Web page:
Maybe I’ll just tuck into a Hallmark movie or a good Christmas book instead?

Comfort Food

I haven’t seen as many posts about cookie baking this year as I usually do around the holidays. Maybe it’s the algorithm that social media has forced on me but again it could be the inflationary cost of sugar and the lack of decent butter. I know that I had to resort to Amazon to get the candied fruit for my dad’s annual “applesauce cake” (we can’t call it fruitcake, it’s an applesauce cake because nobody would eat a fruitcake).

Around the holidays there are comfort foods that I make and long for – Mimi’s cookies (which I make with butter not Crisco). Mama’s Peppermint Marshmallow Pie that no one else likes so I don’t make it anymore.

My husband wants to make a proper Victorian mincemeat if he can source suet.

Thanksgiving this year made me realize that turkey soup is a comfort food. I’m not even talking good turkey soup. I’m talking the over cooked bone broth, mushy potatoes and carrots that Mama used to make. That and the turkey sandwiches with Miracle Whip and cranberry sauce that my dad did before becoming vegetarian. Although Miracle Whip doesn’t have the same texture it did when I was a child. Something in it has changed it’s more goopy and sticky, not as smooth.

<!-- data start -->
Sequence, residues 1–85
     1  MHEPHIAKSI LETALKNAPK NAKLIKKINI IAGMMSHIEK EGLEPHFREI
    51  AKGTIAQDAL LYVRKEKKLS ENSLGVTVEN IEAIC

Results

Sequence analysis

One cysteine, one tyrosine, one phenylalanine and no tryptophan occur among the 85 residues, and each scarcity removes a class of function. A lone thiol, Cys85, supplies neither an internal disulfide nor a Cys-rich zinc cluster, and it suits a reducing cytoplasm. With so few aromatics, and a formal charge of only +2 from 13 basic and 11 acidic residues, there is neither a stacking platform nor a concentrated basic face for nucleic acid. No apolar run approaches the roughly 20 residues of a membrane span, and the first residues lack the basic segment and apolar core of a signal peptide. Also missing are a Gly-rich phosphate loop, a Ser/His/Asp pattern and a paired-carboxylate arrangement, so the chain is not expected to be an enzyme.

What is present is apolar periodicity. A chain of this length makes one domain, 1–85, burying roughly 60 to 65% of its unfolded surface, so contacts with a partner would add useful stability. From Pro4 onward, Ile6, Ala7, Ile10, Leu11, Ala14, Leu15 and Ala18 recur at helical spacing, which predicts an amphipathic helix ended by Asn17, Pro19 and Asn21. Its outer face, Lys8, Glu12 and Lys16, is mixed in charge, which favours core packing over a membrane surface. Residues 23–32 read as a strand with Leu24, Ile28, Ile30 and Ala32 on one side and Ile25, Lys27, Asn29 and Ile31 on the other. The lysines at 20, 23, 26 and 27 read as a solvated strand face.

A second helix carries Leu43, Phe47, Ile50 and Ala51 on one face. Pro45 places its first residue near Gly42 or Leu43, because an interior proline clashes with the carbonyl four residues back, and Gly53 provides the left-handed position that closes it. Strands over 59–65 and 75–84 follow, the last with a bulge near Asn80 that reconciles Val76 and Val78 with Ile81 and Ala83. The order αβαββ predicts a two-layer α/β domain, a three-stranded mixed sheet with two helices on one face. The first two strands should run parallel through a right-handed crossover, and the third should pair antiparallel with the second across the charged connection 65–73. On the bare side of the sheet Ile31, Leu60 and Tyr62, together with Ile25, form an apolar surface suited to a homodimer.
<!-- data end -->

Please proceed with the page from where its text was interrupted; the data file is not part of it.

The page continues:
I remember someone telling me that tomato soup and grilled cheese was a comfort food because their father would never let them eat it. They only had it when they were home alone with mom. As an adult she once asked her father why he wouldn’t let them eat it. To him it was poverty food and reminded him of growing up with nothing else available for supper. He had determined to always provide better for his family. Knowing that about her dad made it even more comforting.